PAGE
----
The method and systems discussed herein can therefore automatically configure a printer driver's default settings. Such default settings are those settings that are set when a user selects a printing option, but prior to the user customizing the settings for their print or rendering job. A device administrator can first specify the device driver's default configuration, which can also be referred to as the “driver default settings”. The driver configuration is generally kept on the device itself and is accessible and modifiable by the system administrator via the device's web page or local UI. During the driver installation process, the device's printer driver installer queries the device to acquire the default driver configuration. The installer then installs the driver with these settings as the driver default settings. The advantage of such embodiments is the ability to efficiently manage specifying the default settings of a printer driver in a multiple user environment.
BRIEF DESCRIPTION OF THE DRAWINGS
The particular values and configurations discussed in these non-limiting examples can be varied and are cited merely to illustrate one or more embodiments and are not intended to limit the scope thereof.
FIG. 1 illustrates a block diagram of a peer-to-peer network that can be implemented in accordance with an embodiment of the present invention;
FIG. 2 illustrates a block diagram of an data-processing apparatus, which can be adapted for use with the embodiments disclosed herein;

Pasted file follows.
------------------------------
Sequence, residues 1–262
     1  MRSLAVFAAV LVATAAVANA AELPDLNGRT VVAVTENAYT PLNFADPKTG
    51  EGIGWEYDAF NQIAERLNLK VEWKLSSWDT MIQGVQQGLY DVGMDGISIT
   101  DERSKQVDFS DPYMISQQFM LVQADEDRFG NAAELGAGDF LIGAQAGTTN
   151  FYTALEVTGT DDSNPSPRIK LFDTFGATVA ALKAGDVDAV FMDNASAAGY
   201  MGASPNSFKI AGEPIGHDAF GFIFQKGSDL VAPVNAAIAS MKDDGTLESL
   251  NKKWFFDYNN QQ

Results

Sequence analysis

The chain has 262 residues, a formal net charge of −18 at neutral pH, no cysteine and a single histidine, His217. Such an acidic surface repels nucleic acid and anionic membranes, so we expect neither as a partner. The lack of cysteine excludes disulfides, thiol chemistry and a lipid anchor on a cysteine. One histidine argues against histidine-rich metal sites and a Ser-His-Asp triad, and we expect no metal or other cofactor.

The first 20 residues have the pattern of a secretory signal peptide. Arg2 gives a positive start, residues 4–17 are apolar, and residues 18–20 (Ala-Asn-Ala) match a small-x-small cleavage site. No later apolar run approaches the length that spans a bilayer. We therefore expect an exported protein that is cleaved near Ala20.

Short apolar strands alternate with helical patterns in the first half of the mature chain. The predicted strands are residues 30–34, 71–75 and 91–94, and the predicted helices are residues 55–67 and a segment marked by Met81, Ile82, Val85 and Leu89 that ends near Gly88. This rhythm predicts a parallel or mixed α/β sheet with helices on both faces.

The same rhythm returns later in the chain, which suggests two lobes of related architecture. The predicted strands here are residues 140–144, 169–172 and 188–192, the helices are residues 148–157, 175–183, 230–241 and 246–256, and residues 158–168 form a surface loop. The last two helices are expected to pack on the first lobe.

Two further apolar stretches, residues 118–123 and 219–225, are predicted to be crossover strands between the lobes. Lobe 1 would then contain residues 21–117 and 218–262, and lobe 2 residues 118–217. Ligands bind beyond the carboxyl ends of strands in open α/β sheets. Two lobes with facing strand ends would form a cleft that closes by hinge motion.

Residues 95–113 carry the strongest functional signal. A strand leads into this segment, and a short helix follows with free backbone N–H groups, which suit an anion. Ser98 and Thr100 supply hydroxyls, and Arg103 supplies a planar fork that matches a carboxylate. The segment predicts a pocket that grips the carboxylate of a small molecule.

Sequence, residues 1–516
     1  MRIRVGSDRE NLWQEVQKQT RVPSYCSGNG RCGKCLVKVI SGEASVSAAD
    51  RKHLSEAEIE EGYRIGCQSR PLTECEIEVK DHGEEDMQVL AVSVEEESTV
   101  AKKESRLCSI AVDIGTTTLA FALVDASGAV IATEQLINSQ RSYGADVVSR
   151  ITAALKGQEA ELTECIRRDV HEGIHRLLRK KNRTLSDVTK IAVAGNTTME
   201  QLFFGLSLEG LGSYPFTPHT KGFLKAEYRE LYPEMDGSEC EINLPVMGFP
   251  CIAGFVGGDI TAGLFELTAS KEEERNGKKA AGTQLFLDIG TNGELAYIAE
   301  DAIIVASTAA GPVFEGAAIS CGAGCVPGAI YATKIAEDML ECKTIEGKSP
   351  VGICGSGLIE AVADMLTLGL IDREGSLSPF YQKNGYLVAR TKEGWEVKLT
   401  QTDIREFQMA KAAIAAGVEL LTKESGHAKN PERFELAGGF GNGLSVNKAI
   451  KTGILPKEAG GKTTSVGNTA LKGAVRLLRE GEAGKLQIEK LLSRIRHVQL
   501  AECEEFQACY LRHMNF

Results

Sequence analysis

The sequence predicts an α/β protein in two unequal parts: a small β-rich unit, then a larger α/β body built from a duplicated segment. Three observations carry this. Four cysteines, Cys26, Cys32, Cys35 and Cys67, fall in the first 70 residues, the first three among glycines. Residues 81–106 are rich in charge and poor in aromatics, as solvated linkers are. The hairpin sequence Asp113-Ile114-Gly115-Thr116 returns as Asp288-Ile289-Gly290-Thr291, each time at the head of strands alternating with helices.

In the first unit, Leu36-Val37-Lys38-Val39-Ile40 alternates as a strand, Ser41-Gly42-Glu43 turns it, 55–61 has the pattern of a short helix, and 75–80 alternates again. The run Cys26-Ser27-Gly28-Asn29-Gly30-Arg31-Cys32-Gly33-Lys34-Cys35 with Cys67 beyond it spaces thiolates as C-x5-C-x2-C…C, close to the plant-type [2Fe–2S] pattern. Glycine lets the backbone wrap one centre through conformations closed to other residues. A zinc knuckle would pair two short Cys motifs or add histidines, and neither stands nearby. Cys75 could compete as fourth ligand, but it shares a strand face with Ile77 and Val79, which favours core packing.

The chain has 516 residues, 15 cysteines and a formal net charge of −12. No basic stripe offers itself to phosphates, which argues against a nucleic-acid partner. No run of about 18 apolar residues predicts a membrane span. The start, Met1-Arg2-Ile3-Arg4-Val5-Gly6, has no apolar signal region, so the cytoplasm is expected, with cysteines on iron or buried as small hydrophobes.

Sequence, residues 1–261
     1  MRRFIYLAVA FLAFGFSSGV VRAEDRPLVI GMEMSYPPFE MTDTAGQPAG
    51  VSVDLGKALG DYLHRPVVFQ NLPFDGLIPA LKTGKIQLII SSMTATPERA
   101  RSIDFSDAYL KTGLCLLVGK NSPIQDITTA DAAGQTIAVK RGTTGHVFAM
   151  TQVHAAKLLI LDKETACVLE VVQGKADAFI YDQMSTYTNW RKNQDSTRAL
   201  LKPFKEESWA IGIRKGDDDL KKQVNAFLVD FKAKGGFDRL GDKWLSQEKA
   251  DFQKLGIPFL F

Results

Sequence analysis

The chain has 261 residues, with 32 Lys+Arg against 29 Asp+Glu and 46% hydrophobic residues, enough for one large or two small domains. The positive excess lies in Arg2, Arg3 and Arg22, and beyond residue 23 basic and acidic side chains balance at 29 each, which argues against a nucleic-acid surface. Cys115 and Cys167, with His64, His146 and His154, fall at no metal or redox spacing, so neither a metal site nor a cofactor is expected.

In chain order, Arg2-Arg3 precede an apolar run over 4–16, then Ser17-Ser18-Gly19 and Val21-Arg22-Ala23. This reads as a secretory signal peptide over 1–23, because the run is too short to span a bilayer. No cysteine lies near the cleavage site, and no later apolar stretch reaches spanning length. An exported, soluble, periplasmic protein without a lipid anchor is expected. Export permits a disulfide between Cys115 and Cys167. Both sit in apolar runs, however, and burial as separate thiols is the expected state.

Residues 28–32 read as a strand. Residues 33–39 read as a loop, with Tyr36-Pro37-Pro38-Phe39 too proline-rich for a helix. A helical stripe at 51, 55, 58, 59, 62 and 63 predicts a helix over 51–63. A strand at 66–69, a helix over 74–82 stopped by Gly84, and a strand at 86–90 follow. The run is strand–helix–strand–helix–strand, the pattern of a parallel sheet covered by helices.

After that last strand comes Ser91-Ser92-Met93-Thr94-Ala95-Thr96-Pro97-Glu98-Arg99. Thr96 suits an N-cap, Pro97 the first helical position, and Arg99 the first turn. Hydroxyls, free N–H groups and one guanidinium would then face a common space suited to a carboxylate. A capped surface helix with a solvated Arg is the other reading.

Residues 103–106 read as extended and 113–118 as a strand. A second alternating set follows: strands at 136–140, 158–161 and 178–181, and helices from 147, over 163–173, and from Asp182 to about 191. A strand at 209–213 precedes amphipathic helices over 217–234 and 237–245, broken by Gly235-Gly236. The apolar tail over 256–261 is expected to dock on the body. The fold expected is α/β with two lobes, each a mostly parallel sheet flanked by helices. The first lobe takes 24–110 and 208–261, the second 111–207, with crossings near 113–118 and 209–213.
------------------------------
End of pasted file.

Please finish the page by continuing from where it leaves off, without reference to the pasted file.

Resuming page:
FIG. 3 illustrates a high-level flow diagram depicted logical operational steps that can be implemented, in accordance with a preferred embodiment of the present invention; and
FIG. 4 illustrates a block diagram of a system, which can be implemented in accordance with a preferred embodiment.
DETAILED DESCRIPTION OF THE INVENTION
The particular values and configurations discussed in these non-limiting examples can be varied and are cited merely to illustrate embodiments and are not intended to limit the scope of the invention.
FIG. 1 illustrates a block diagram of a network 100 that can be implemented in accordance with an embodiment of the present invention. Network 100 can be configured as a peer-to-peer network that permits one or more computers, such as computers 102, 106, and/or 110 to communicate via shared resources. Individual resources, such as disk drives, DVD drives, scanners, printers, photocopy machines and other rendering devices can therefore be utilized as shared resources accessible from every computer 102, 106, 110 within the network 100.
An example of a shared resource that can be utilized via peer-to-peer network 100 is rendering device 104, which can be, for example, a photo copy machine, a scanner, a printer and the like. Note that the term “rendering device” as utilized herein can refer generally to rendering devices such as laser printers, ink-jet printers, photocopy machines, scanner, multi-function devices, and so forth. Note also that although a peer-to-peer network is illustrated in FIG. 1, a variety of other types of networks can be implemented in accordance with embodiments. Network 100 is therefore provided for general edification and illustrative purposes only and is not considered a limiting feature of the embodiments disclosed herein.
In general, computers 102, 106 and 110 can each be connected to a network hub or switch 108. Computer 110 can also communicate with another network 114 utilizing a modem 112. Because memory storage units and/or drives can be shared between computers 102, 106, and/or 110 of network 100, applications only need to be installed on a single computer within network 100 rather than all of the computers. Thus, in peer-to-peer network 100 depicted in FIG. 1, a user of network 100 can print directly to the rendering device 104 from their driver (e.g., a printer driver).